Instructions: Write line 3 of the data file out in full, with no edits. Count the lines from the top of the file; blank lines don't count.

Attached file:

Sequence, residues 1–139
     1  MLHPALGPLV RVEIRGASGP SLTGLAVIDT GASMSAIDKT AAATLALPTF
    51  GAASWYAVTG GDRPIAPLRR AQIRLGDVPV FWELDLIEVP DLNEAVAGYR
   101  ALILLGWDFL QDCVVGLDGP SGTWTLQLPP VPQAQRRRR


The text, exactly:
    51  GAASWYAVTG GDRPIAPLRR AQIRLGDVPV FWELDLIEVP DLNEAVAGYR